2) Total invert sugar. Like starches in conventional grains, sugars are the major source of energy in most liquid feeds. The higher the better.

3) Fat content. Fat contains 2.25 times the energy of sugar or starch. The addition of fat increases the energy value of a liquid feed. Fat is known to have additional metabolic benefits when used as a dietary component, especially as related to reproductive function.

4) Ingredient composition. Good ingredients for making liquid feed are cane, citrus and beet molasses. Grain distillers solubles and condensed molasses fermentation solubles (CMFS) provide more protein and vitamins than molasses, but the energy value is much lower than the original molasses because sugars have been fermented into alcohol.

5) Estimated TDN. The TDN value of a liquid feed can be estimated using the above values with the following formula: TDN = total invert sugars (%) + natural protein (total CP - NPN) (%) + fat x 2.25 (%) + 8 x ((100 - % moisture) ÷ 78).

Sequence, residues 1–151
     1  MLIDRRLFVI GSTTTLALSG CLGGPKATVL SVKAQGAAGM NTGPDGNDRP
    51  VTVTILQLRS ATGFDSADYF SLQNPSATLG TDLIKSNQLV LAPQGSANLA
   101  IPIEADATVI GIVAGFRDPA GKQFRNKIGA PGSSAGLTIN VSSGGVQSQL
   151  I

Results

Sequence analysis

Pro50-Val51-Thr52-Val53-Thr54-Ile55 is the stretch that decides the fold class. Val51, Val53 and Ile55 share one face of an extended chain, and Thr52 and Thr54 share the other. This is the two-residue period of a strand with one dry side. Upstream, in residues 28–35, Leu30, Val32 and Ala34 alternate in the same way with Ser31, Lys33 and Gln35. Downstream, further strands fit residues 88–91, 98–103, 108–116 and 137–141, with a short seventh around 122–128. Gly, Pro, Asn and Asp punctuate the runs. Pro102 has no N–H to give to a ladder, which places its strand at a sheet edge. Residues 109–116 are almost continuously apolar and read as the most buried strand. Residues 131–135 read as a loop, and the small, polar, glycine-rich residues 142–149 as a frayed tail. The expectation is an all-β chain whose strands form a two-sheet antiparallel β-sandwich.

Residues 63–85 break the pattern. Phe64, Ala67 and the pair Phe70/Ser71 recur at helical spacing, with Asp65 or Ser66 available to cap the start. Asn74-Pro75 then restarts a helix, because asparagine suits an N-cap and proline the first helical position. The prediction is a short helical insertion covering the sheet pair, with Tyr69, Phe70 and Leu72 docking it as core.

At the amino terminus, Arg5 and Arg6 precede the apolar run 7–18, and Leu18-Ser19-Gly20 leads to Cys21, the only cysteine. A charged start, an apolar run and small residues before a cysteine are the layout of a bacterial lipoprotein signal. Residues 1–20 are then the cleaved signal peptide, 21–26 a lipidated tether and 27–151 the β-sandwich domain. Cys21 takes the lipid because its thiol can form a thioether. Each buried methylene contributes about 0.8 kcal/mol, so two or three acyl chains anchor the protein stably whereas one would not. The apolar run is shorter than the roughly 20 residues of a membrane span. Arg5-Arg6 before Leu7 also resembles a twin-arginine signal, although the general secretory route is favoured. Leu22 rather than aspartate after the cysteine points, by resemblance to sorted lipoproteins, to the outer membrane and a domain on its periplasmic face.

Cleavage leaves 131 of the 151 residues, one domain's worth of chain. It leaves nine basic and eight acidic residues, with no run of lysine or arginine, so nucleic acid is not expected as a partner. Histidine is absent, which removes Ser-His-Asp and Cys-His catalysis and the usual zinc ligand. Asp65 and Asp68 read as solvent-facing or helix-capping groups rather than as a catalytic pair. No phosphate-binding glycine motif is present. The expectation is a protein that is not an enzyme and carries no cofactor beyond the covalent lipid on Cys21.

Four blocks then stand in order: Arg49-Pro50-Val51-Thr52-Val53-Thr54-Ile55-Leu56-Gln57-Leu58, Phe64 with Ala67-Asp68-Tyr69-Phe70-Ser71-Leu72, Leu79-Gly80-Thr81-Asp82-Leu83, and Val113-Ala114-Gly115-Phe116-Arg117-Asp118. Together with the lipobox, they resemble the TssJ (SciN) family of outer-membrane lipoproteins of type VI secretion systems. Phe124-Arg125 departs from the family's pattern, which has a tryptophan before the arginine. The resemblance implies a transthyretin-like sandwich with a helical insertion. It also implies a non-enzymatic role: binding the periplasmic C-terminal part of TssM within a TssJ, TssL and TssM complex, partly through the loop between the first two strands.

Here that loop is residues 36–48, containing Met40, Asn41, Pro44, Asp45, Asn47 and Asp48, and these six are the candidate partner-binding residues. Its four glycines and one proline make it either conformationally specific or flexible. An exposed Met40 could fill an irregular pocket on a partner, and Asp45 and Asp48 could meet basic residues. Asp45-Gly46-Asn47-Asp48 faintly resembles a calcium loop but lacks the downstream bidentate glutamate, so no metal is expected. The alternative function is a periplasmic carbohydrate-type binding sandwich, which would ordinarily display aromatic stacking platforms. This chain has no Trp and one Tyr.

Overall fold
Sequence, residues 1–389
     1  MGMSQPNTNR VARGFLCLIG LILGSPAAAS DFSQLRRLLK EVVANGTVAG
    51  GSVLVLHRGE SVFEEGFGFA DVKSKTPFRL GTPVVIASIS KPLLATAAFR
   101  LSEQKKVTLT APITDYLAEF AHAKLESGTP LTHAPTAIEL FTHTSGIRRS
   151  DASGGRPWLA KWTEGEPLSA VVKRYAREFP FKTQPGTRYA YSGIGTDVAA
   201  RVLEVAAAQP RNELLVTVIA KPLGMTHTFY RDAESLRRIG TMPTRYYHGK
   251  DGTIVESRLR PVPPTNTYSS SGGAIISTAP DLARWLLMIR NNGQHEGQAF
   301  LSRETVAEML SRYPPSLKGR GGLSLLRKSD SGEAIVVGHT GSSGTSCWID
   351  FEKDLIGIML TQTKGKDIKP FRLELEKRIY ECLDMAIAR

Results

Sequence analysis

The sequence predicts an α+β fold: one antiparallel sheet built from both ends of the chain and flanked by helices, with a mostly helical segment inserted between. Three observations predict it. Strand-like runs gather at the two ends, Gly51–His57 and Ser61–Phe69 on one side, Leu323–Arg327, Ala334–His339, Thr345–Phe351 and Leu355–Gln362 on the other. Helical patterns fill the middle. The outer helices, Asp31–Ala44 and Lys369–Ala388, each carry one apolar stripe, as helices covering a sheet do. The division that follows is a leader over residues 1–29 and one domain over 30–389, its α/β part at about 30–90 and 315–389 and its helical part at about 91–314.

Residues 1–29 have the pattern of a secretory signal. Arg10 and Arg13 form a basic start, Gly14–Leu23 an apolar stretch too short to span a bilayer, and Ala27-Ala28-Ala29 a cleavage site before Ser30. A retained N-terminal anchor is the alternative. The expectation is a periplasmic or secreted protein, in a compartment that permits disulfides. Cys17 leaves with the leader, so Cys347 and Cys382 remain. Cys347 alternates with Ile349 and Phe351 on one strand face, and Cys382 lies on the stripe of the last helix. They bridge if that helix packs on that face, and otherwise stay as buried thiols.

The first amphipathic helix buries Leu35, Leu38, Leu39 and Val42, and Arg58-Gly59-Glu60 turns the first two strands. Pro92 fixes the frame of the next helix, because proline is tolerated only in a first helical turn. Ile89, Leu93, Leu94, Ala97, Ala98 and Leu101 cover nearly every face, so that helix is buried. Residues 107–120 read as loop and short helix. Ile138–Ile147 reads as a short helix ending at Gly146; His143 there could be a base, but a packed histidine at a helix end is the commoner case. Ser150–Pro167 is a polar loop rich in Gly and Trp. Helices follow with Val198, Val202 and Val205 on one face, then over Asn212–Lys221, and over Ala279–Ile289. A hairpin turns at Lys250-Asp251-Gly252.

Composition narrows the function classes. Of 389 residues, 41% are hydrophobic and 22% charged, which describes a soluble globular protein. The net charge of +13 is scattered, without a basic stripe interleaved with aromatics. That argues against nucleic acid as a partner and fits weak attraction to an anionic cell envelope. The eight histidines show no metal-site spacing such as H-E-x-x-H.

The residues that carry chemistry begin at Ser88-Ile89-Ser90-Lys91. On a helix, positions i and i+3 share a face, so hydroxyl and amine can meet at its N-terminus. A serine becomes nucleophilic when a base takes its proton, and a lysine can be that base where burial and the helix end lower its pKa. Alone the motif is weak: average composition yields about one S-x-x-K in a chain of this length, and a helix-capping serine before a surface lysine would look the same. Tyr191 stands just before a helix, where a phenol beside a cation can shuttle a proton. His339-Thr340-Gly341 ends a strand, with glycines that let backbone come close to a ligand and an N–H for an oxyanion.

Minerals, Vitamins, other additives

Minerals and vitamins in liquids are less important than protein and energy and may not be needed if cattle consume adequate levels of a good mineral/vitamin supplement fed separately. However, virtually all better-quality liquid supplements contain a mineral and vitamin component of some type. Liquid feeds can be an excellent source of phosphorus because of the use of phosphoric acid which is a highly available source. However, the levels of phosphorus may be diminished in many products due to cost.


The liquid feed industry provides an economical, labor saving means of improving cattle productivity. The added convenience and cost effectiveness of this supplementation method is gaining in popularity every year as more cattlemen become familiar with the applications. As we learn more about the nutritional needs of these animals and the opportunities in use of liquids to meet these needs, the possibilities appear virtually endless. The task lies in improving the industry and educating the producer in a few important areas areas. Understanding the limitations and using the product correctly can go far toward profitable supplementation.

Dr. Steve Blezinger is a nutritional and management consultant with an office in Sulphur Springs, TX. He can be reached at 667 CR 4711 Sulphur Springs, TX 75482, by phone at (903) 885-7992 or by e-mail at For more information please visit us at